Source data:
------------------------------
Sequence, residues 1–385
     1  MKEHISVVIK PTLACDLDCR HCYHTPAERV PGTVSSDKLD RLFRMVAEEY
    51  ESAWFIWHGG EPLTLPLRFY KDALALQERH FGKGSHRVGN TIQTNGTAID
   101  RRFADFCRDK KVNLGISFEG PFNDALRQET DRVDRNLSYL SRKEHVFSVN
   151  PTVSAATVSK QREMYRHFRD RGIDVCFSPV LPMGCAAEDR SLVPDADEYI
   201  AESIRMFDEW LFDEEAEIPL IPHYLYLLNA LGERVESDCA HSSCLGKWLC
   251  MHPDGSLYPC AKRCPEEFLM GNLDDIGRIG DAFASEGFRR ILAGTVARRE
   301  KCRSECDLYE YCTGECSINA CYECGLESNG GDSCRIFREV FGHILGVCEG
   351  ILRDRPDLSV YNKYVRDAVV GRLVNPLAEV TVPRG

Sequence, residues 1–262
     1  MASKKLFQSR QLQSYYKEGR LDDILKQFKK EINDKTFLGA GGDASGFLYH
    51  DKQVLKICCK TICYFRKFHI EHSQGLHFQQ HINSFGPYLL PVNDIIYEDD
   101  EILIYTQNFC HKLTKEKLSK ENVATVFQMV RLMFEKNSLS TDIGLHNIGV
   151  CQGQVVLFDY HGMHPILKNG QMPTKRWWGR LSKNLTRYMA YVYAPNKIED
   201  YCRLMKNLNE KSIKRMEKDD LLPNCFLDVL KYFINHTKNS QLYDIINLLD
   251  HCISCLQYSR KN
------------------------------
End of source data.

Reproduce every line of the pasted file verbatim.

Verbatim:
Sequence, residues 1–385
     1  MKEHISVVIK PTLACDLDCR HCYHTPAERV PGTVSSDKLD RLFRMVAEEY
    51  ESAWFIWHGG EPLTLPLRFY KDALALQERH FGKGSHRVGN TIQTNGTAID
   101  RRFADFCRDK KVNLGISFEG PFNDALRQET DRVDRNLSYL SRKEHVFSVN
   151  PTVSAATVSK QREMYRHFRD RGIDVCFSPV LPMGCAAEDR SLVPDADEYI
   201  AESIRMFDEW LFDEEAEIPL IPHYLYLLNA LGERVESDCA HSSCLGKWLC
   251  MHPDGSLYPC AKRCPEEFLM GNLDDIGRIG DAFASEGFRR ILAGTVARRE
   301  KCRSECDLYE YCTGECSINA CYECGLESNG GDSCRIFREV FGHILGVCEG
   351  ILRDRPDLSV YNKYVRDAVV GRLVNPLAEV TVPRG

Sequence, residues 1–262
     1  MASKKLFQSR QLQSYYKEGR LDDILKQFKK EINDKTFLGA GGDASGFLYH
    51  DKQVLKICCK TICYFRKFHI EHSQGLHFQQ HINSFGPYLL PVNDIIYEDD
   101  EILIYTQNFC HKLTKEKLSK ENVATVFQMV RLMFEKNSLS TDIGLHNIGV
   151  CQGQVVLFDY HGMHPILKNG QMPTKRWWGR LSKNLTRYMA YVYAPNKIED
   201  YCRLMKNLNE KSIKRMEKDD LLPNCFLDVL KYFINHTKNS QLYDIINLLD
   251  HCISCLQYSR KN